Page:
Employment status is always an interesting topic which is continually raised with Employment Tribunals. An issue which is often disputed is whether or not contractual documentation entered into between an alleged self-employed individual and their "customer" is a sham, which in effect seeks to obscure the true nature of their relationship. This normally happens where an individual is initially happy to be viewed as a self-employed contractor (usually for tax reasons), but then wishes to argue that they are, in reality, an employee or worker when the relationship turns sour.
The recent case of Boss Projects LLP v Bragg involved such a scenario. Here, an individual who was unequivocally classed in the written contract as being in business on his own account, later alleged for the purposes of claiming holidays under the Working Time Regulations that he was in fact a "worker".
Mr Bragg was a Scaffolding Supervisor who had signed a contract with Boss Projects LLP. Boss provided services to an end client by way of a chain of contracts, but Boss paid Mr Bragg. The contract which he signed stated, amongst other things, that "this legal relationship is one of contractor and independent sub-contractor and specifically is not a relationship of master and servant or employer and employee". The contract also gave Mr Bragg the right to substitute and/or delegate his workload or hire assistance, for which he was to be financially responsible. Further, the contract set out that no holiday or sick pay would be paid to him and that he would be responsible for his own tax and National Insurance.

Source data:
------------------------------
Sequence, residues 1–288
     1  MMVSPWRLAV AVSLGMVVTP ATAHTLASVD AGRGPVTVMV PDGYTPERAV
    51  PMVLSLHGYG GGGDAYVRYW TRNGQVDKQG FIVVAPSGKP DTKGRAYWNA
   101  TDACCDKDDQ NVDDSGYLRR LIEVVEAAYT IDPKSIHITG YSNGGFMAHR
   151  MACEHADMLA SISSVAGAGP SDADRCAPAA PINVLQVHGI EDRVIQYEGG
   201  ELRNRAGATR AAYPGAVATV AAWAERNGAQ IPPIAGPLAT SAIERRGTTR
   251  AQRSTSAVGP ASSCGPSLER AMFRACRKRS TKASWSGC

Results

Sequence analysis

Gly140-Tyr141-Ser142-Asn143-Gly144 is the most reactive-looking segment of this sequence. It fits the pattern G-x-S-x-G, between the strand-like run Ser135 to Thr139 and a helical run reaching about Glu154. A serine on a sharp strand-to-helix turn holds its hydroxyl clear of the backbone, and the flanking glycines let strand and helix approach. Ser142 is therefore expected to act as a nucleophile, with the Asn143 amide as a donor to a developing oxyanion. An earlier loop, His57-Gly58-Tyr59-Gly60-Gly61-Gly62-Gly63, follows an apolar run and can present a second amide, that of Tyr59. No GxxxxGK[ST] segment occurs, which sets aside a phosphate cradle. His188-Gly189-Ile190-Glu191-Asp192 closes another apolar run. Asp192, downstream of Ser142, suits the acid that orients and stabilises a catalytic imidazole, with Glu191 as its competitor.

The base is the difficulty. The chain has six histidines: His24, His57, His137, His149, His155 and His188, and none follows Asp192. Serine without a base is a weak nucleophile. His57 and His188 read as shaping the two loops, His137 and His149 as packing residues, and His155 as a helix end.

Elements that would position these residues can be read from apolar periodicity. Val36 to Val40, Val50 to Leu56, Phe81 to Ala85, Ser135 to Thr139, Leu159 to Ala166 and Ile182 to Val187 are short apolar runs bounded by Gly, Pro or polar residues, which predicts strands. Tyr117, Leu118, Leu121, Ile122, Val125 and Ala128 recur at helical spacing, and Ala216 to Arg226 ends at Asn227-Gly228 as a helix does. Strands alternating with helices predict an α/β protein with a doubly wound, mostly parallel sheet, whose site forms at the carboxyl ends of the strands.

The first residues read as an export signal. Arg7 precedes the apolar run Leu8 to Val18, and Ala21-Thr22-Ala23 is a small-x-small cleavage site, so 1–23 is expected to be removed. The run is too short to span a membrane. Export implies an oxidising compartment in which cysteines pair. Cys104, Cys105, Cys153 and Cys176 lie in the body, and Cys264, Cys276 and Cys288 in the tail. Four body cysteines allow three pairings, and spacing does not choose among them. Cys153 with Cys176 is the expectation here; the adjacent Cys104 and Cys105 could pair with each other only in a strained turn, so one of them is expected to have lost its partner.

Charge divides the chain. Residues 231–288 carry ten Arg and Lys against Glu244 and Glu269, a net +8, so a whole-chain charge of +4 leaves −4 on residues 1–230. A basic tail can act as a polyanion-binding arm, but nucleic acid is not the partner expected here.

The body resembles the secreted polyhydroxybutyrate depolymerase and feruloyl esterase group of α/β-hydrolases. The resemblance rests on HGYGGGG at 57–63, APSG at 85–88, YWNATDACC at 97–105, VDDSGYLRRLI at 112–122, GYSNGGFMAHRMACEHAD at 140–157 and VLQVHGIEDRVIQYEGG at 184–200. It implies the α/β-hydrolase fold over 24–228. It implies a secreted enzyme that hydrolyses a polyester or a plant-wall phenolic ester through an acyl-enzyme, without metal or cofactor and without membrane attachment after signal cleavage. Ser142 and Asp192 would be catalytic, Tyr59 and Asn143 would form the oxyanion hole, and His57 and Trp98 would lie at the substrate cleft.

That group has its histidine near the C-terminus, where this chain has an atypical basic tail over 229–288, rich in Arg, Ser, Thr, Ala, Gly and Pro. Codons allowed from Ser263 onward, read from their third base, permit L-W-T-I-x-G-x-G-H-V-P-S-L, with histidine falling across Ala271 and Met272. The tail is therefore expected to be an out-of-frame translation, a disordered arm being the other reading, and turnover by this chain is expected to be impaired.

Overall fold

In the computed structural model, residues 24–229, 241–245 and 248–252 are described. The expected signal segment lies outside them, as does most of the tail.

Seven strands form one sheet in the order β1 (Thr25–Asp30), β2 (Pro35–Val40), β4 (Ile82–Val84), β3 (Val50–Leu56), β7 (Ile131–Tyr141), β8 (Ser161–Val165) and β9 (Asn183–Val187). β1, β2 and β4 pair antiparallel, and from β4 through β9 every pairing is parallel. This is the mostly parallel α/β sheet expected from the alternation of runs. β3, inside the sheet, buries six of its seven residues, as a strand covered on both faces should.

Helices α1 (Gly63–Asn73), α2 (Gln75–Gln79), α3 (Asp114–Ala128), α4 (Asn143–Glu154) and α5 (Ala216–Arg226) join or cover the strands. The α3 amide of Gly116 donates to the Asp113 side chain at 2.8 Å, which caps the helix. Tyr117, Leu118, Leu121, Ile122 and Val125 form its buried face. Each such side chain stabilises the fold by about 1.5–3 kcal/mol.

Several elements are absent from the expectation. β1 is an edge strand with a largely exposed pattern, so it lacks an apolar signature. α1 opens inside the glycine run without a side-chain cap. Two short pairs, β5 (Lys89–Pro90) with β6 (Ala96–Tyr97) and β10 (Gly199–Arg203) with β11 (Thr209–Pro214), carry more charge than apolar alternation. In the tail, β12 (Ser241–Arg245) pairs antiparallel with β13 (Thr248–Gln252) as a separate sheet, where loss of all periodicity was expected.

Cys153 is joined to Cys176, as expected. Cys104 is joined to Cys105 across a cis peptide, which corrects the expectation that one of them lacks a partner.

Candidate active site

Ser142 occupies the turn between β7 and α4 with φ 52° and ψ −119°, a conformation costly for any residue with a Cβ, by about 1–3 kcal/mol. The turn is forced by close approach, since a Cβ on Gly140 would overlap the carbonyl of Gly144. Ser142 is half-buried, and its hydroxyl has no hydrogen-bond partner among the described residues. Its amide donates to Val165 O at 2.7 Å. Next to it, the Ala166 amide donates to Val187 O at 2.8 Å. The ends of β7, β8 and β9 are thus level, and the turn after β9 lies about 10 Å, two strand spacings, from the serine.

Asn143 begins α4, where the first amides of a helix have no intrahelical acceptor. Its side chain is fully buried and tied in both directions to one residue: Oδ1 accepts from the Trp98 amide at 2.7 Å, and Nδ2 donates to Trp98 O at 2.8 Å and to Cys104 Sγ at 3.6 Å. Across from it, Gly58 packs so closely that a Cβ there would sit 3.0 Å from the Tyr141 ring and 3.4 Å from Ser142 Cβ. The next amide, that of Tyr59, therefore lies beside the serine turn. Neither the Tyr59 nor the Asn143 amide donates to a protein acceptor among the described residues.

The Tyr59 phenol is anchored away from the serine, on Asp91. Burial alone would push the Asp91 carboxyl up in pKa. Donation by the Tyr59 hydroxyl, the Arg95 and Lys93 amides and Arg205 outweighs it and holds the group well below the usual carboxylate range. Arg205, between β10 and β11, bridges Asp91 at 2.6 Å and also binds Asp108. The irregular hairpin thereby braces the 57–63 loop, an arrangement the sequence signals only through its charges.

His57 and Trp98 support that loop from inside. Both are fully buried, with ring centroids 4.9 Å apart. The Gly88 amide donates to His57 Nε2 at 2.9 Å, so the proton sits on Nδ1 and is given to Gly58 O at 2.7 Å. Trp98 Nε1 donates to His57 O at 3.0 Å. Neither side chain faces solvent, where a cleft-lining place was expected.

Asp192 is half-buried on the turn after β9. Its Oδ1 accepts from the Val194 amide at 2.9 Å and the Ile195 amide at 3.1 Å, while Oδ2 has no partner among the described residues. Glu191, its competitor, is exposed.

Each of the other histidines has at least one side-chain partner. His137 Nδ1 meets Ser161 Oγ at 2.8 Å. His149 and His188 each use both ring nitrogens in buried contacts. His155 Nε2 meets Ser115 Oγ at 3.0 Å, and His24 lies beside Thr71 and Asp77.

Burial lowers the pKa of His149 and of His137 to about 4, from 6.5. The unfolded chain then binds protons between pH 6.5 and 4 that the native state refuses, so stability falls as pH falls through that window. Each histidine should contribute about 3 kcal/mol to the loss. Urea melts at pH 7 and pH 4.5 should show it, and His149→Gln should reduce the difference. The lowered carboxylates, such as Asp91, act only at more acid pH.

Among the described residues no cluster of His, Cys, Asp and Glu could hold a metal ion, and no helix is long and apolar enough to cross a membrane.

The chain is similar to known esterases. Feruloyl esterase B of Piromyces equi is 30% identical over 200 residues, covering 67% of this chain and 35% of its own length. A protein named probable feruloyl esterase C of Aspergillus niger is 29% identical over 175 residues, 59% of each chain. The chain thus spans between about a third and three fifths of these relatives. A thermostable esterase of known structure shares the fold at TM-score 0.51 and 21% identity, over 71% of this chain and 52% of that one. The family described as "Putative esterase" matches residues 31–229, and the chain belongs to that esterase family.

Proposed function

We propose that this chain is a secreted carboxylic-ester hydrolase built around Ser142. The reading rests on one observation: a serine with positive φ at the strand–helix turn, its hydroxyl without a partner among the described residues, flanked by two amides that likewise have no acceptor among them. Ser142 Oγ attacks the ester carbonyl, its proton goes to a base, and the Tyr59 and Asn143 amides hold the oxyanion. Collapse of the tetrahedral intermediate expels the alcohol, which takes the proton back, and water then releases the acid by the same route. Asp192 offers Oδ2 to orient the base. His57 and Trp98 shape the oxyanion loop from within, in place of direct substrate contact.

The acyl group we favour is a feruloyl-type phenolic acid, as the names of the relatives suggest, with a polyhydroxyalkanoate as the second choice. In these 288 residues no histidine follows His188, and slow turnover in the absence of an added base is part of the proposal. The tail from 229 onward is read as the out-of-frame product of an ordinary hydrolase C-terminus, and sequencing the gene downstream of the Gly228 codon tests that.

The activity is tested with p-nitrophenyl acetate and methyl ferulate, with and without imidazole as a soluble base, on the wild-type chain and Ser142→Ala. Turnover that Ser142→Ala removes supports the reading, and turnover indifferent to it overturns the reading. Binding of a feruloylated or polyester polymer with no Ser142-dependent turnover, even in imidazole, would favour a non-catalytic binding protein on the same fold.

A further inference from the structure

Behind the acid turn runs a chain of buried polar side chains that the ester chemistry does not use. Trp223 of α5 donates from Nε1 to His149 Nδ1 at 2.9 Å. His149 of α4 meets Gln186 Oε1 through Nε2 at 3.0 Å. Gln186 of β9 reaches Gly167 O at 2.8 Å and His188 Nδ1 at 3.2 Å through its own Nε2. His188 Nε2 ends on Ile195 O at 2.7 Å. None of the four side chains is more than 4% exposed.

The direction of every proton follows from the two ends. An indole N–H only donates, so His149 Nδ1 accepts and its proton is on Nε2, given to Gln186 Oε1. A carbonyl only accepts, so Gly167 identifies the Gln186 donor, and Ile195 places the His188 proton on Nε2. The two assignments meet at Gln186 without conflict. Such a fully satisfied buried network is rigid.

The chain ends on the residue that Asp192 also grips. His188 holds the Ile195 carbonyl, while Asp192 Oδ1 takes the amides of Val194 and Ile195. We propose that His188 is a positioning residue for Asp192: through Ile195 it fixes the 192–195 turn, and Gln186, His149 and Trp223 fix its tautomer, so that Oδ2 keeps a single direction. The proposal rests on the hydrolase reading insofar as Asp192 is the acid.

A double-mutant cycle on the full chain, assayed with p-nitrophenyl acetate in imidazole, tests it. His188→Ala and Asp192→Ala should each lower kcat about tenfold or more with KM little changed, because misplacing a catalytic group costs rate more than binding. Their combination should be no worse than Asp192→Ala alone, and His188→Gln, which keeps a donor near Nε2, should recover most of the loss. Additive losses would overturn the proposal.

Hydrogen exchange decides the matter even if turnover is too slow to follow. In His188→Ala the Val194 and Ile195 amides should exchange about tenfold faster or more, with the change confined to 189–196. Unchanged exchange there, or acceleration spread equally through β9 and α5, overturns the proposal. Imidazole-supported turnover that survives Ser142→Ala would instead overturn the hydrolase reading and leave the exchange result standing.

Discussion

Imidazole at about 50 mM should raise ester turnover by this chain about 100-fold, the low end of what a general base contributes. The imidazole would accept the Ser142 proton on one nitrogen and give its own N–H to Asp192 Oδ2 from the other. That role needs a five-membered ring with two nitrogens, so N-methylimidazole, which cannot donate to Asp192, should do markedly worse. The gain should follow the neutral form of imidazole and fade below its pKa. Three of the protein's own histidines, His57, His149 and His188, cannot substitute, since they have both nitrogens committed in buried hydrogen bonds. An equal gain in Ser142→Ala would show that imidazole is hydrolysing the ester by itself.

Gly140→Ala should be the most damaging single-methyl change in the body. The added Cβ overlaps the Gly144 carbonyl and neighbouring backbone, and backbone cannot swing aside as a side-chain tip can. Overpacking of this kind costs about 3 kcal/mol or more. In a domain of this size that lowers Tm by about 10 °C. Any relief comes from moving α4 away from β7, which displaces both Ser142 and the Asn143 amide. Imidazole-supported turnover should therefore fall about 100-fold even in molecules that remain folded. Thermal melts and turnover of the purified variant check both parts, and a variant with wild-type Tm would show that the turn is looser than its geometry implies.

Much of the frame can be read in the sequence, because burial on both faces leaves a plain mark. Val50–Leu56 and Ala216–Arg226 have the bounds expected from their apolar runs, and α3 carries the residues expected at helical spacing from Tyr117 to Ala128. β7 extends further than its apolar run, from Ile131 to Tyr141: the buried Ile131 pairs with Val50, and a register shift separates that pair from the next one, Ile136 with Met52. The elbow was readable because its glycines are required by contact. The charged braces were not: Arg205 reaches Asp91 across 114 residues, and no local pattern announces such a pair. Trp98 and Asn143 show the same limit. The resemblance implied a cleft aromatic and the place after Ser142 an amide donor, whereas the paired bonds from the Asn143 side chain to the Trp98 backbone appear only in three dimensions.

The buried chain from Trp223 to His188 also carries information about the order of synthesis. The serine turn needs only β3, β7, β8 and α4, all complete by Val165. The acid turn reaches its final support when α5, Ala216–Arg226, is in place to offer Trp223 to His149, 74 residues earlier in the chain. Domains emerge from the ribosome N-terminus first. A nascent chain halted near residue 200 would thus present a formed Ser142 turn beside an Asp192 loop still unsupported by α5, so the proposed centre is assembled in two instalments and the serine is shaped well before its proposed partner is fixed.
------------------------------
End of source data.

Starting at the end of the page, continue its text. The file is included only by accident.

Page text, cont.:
In line with earlier decisions, a Tribunal held that Mr Bragg was a worker and sought to award the holiday pay to which it felt he was entitled. The Tribunal came to this finding on the basis that, in practice, both parties had expected Mr Bragg to personally carry out the work and that the right of substitution was never intended to be exercised.
Boss appealed against this decision, but the Appeal Tribunal upheld the Tribunal’s view, despite the express contractual provisions. They decided that the Tribunal was right to look at the reality of the situation as well as what was stated in the contract.
This case goes to show that however "watertight" contractual documentation may seem, Tribunals will continue to look at the scenario in practice. For this reason, it is important to ensure that how a relationship works on a day-to-day basis reflects the terms of any agreement between the parties.
These notes have been prepared for the purpose of an article only. They should not be regarded as a substitute for taking legal advice.